* Disclaimer: Although I like this resource by Maxie Dunnam I do not wish to associate myself with his theological understandings outside of these quotes.

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“Back of the Bus Stories”

school bus
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This past week I was blessed to attend the “Fierce” Women’s Gathering event in Tipp City, Ohio. This event was held for the first time this year when Pastor Rachel Billups of Gighamsburg Church discerned a need for women in leadership in the church to connect and empower one another. So, the Holy Spirit started nagging me. “It looks like a great event Jessie.” Then the excuses came: “It is too far away, how will I find childcare for Dean for that long? I don’t want to be away from the charge.” And yet, the Holy Spirit persisted and made everything fall into place so that I could go.

Once I was there, I understood why God had called me to that place. So often in ministry we only hear of each other’s successes. It is so easy to compare ourselves with our amazing colleagues in ministry and feel like we are not doing anything for the kingdom of God. It was amazing for me to see these very successful women of God share about their failures, their struggles, their hopes, and their journeys as they continue to answer the calling that God has placed upon their lives.

The talk that was the most influential for me was by a Nazarene pastor, Rachel Kuhn. She shared about the power of telling our stories, and that our original story comes from the story of God and God’s people. She gave this beautiful analogy of a school bus. She said, [paraphrased]“Imagine that all your stories live in a big yellow school bus. As you walk onto the bus you first see your favorite stories in the front, the stories you love to tell. As you get to the middle of the bus you see your best friend and share your secret stories that connect you.” Then she said, “Many of us do not want to tell our back of the bus stories.” These kinds of stories are ones that scare us, that make us sad, or that may even make us view ourselves as a failure. These are the stories we have not quite worked out for ourselves, but these stories are powerful and show Christ’s redemptive work in our lives.

This imagery of the back of the bus stories was powerful to me. We all have stories like this and yet so often we do not share them with one another. Not sharing our stories can cause conflict and warring within ourselves as we fail to process and let go of negative things we have experienced or bad choices we have made.

Throughout the Bible we see people at warring with themselves, God, and one another. In Genesis 25, we see Jacob and Esau warring together even in the womb. This war continued as Jacob stole Esau’s rightful birthrate and blessing through deception. All of this came to ahead a Peniel where Jacob was at war and wrestled with God.

This is my call story. This is my back of the bus story. God called me to ministry and time and time again, I wrestled with God. I said, “No, not yet.” I was called to ministry in Gadsen, South Carolina on a mission trip at sixteen years old beneath the ashes of a church that had been burned down by the KKK.

This calling was clear, it was direct, but I discounted it for many years. I thought: “I am too young to decide to devote the rest of my life to God in this way.” I thought, “I am not good enough.” I thought if only other people knew all the mistakes, I had made they would not want to follow my leadership.”

Just like going to this conference, I made a million excuses of why I was not ready to say yes to God’s calling upon my life and yet, God pursued me, God forgave me, and God redeemed me.

What an amazing God we serve! I am been so blessed over the years to hear so many share with me these holy back of the bus stories.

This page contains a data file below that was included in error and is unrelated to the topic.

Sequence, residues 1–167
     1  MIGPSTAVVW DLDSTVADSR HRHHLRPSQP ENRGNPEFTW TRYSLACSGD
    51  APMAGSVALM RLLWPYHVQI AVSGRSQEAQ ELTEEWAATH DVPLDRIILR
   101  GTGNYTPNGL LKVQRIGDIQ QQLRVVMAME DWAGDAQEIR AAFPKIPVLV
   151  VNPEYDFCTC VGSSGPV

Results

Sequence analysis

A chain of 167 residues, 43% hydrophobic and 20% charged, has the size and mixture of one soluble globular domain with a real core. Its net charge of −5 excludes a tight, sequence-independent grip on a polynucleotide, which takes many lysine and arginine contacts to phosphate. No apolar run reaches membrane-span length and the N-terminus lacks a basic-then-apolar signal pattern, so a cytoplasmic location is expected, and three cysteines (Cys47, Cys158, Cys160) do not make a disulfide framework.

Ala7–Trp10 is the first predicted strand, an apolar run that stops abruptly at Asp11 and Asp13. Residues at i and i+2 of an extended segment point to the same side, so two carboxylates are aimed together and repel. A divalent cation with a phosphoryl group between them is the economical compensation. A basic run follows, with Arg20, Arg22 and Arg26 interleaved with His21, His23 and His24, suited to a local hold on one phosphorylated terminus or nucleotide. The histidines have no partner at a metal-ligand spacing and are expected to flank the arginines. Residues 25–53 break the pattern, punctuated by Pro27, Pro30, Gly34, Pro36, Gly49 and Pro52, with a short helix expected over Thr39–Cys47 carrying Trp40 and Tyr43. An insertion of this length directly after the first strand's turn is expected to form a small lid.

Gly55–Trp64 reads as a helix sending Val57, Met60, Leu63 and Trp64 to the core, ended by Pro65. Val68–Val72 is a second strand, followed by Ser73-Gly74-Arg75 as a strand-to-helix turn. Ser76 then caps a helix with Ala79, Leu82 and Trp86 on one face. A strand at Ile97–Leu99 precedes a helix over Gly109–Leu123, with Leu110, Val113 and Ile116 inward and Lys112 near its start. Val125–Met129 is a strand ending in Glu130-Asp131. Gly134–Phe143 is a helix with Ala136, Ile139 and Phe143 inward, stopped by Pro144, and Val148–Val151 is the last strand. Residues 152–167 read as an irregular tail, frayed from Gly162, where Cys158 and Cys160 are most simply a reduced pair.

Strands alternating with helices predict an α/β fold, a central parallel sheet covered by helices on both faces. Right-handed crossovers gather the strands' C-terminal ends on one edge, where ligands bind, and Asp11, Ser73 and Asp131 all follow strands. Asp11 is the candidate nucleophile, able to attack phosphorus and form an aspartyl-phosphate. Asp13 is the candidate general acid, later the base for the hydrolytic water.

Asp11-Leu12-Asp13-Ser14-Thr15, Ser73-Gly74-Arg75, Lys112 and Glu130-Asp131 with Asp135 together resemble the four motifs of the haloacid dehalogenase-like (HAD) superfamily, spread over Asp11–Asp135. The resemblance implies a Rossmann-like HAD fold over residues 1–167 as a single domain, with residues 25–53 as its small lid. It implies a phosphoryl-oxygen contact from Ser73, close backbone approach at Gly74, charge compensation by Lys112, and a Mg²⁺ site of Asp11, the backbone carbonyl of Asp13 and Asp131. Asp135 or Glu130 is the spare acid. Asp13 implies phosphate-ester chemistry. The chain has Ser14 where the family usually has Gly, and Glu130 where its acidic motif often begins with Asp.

Remember you are not alone. Your stories are important. God works through our stories and continues to bring redemption in our lives every day.

I hope to see you this Sunday as we continue our beatitude sermon series “Blessed Are the Peacemakers” where we remember that even though we may feel at war with God, with one another, or with ourselves, Christ continues to offer us peace through the power and presence of the Holy Spirit.

Prayer: Amazing God, thank you for working through our stories. Even though we may not have asked for the stories we possess, we thank you that there are those who are willing to listen to our stories of joy and sorrow. Help us to not be afraid to share our lives fully with others in the body of Christ. We thank you that we are part of your story, where you continue to offer us grace, and save us from ourselves, one another, and sin. We love you God. Amen.

“My Name is Jessie, and I was Continued”


cont pic
Hi. My name is Jessie, and I was continued. Continued to do what you may ask…Well if you live in the world of The United Methodist Church you may know, but if you don’t I will inform you as a lot goes into this word “continued.”

If you don’t know much about the process to become ordained in The United Methodist Church, you must know that when folks get to their ordination interview, they have already been on a ten year plus journey to get there. To seek ordination, you must receive a diploma from college, you must attend a three-year seminary, you must do field education, and clinical pastoral education, and work in ministry for three years before you are even able to apply for full ordination. It is a grueling and faithful process.

Seven years ago in January of 2012, I went before the Board of Ordained Ministry to be considered for full ordination. I was ready. I was over-prepared. The day came and I walked to my car at Blackstone confidently thinking that all my interviews went very well. Then I received the call that although I had passed two committees with flying colors, they were going to continue me another year because I did not pass the theology committee. When I asked why, my team leader shared that although I had not shared anything heretical during the interview, the team thought that my answers were too short in the oral interview and because of this the team thought that they could not hear my theological voice and were not comfortable passing me.

In my effort to not talk too much (which is my very nature), I did not talk enough. So, I was continued for another year in the provisional process. Although this may not seem like a big deal to some, in my world, this was the worst thing that had even happened to me. I felt like I had failed, like I had publicity failed. My church grieved with me. I questioned my own effectiveness in ministry.